This is one of the strange centers of the world, a vein of pure human talent, unearthed and irrefutable, mysterious, friendly, beckoning, and fully beyond us.
Is it my imagination, or do an inordinate number of writers die in motor vehicle accidents? Maybe I tend to notice these grisly deaths because I’m a writer, an avid reader of obituaries, and also a car lover with a deep fear of dying in a crash. But I’m convinced by years of accumulated empirical evidence that writers outnumber the percentage of, say, nurses or teachers or accountants who die in car and motorcycle accidents. (Similarly, an inordinate number of musicians seem to die in plane crashes, including the Big Bopper, John Denver, Buddy Holly, Otis Redding, Ritchie Valens and Ronnie Van Zant, to name a few.)
Why do so many writers die in motor vehicle mishaps? Are they reckless drivers? Prone to bad luck? Likely to indulge in risky behavior? I don’t pretend to know the answer(s), but I have noticed, sadly, that writers who die in crashes are frequently on the cusp of greatness or in the midst of some promising project; sometimes they’re at the peak of their careers. I offer this list in chronological order, aware it isn’t exhaustive. Feel free to add to it in the comments. Think of this as a living tribute to writers who left us too soon:
T.E. Lawrence (1888-1935) – Lawrence of Arabia, David Lean’s Oscar-winning 1962 movie, opens with the death of its subject. T.E. Lawrence (played by Peter O’Toole), the archaeologist/warrior who helped unite rival Arab tribes and defeat the Ottoman Empire during the First World War, was whizzing along a road in rural Dorset, England, astride his Brough Superior SS100 motorcycle on the afternoon of May 13, 1935. A dip in the road obscured Lawrence’s view of two boys on bicycles, and when he swerved to avoid them he lost control and pitched over the handlebars. Six days later he died from his injuries. He was 46.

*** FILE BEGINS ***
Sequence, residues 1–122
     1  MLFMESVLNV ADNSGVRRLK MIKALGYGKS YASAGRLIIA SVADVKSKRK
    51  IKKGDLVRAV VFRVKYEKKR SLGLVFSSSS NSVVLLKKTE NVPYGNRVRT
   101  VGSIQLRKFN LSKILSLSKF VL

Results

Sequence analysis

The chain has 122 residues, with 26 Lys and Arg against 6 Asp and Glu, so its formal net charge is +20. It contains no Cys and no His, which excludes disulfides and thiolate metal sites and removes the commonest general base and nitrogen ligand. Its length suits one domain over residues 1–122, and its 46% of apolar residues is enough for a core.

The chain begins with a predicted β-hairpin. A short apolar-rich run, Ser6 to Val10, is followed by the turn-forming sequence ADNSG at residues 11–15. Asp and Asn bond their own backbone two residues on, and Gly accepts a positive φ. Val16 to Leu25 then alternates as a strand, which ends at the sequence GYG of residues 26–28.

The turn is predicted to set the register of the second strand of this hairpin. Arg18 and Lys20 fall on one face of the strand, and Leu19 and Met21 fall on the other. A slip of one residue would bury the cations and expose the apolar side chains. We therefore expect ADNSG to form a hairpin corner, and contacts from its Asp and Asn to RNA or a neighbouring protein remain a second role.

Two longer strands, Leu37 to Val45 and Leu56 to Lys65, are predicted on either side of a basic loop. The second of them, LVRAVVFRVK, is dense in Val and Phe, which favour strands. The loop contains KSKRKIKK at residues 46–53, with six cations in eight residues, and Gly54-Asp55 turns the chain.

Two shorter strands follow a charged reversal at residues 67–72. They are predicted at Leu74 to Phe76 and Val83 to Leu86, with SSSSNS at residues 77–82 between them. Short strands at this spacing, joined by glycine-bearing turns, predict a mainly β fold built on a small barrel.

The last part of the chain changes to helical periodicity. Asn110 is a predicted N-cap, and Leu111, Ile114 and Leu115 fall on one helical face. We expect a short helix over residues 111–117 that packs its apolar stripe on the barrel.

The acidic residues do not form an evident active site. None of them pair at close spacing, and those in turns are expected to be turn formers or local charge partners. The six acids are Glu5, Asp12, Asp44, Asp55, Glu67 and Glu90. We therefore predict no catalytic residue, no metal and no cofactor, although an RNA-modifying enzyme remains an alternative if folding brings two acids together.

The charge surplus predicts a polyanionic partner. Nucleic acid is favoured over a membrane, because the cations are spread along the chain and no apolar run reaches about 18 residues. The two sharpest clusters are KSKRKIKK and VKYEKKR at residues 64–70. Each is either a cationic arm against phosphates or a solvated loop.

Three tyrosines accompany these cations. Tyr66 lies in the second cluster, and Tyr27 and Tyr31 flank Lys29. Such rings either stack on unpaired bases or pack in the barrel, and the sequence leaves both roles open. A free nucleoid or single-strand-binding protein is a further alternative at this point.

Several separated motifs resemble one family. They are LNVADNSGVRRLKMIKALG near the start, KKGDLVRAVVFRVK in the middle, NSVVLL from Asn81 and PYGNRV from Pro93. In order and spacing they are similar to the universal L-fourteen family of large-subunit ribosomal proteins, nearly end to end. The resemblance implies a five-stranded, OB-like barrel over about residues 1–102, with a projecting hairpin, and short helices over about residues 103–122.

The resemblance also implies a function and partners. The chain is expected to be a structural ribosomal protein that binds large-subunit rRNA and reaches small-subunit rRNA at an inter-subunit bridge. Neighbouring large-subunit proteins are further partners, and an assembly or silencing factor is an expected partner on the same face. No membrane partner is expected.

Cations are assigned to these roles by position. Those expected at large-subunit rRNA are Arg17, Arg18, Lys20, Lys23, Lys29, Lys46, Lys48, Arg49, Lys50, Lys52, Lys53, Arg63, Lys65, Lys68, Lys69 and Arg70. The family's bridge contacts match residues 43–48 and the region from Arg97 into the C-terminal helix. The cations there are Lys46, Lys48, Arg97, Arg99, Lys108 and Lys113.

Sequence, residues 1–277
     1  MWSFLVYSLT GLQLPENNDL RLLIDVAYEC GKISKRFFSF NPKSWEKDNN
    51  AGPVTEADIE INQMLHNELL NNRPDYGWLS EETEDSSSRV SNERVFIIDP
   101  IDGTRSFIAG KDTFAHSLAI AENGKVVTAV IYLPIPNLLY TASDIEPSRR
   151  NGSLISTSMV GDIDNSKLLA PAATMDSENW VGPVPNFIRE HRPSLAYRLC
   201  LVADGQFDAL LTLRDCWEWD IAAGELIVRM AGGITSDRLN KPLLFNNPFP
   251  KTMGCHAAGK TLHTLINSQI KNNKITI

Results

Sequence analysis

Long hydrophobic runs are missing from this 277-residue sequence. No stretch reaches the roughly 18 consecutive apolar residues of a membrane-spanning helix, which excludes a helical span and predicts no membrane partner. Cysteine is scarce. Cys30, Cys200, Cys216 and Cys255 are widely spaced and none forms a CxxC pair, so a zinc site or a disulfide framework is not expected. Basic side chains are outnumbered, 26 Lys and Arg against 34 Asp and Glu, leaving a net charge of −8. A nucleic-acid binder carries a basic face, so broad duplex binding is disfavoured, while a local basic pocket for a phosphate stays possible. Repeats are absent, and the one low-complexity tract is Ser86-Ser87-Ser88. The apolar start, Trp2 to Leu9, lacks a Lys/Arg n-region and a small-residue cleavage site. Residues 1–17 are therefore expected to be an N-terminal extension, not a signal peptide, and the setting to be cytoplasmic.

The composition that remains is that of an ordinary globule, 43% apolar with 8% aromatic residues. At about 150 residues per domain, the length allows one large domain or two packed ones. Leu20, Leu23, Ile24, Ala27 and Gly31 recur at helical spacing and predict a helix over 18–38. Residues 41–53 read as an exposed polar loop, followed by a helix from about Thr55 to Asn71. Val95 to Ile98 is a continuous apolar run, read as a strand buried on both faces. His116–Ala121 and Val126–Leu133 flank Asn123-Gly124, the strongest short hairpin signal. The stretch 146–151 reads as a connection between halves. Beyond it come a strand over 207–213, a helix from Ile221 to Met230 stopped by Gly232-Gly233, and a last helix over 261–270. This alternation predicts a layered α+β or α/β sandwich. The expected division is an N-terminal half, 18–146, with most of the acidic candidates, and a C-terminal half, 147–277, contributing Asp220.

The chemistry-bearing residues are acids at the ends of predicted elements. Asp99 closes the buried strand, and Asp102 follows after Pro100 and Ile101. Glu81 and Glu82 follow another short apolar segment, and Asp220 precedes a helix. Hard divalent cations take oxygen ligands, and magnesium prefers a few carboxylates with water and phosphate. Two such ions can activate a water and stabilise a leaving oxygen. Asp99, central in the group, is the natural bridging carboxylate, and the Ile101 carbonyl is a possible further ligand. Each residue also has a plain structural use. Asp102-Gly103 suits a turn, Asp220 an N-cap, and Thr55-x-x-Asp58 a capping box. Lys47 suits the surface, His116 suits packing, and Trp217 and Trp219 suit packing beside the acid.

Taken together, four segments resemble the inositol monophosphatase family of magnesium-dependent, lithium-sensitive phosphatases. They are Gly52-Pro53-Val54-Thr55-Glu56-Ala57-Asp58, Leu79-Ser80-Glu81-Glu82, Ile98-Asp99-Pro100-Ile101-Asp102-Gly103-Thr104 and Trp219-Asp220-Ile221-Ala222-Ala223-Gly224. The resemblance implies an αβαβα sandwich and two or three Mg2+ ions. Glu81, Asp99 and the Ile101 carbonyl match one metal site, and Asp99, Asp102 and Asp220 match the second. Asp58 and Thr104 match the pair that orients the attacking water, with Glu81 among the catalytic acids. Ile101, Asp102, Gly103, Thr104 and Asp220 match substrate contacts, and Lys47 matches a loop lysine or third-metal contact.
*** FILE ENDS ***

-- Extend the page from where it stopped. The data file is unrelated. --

Seven Pillars of Wisdom, Lawrence’s account of his experiences during the Great War, made him an international celebrity, though he called the book “a narrative of daily life, mean happenings, little people.” An inveterate letter writer, Lawrence also published his correspondence with Winston Churchill, George Bernard Shaw, Noel Coward, E.M. Forster and many others. He dreamed that victory on the desert battlefield would result in an autonomous Arab state, but negotiators at the Paris peace conference had very different ideas, prompting Lawrence to write bitterly, “Youth could win but had not learned to keep: and was pitiably weak against age. We stammered that we had worked for a new heaven on earth, and they thanked us kindly and made their peace.”
Seven Pillars of Wisdom still speaks to us today, as the U.S. fights two wars in the region during this convulsive Arab Spring. Lawrence could have been writing about Americans in Iraq when he wrote these words about his fellow British soldiers: “And we were casting them by thousands into the fire to the worst of deaths, not to win the war but that the corn and rice and oil of Mesopotamia might be ours.”
Nathanael West (1903-1940) – Nathanael West, born Nathan Weinstein, wrote just four short novels in his short life, but two of them – Miss Lonelyhearts and The Day of the Locust – are undisputed classics. After graduating from college he managed two New York hotels, where he allowed fellow aspiring writers to stay at reduced rates or free of charge, including Dashiell Hammett, Erskine Caldwell and James T. Farrell. When his first three novels – The Dream Life of Balso Snell (1931), Miss Lonelyhearts (1933) and A Cool Million (1934) – earned a total of $780, a demoralized West went to Hollywood to try his hand at screenwriting.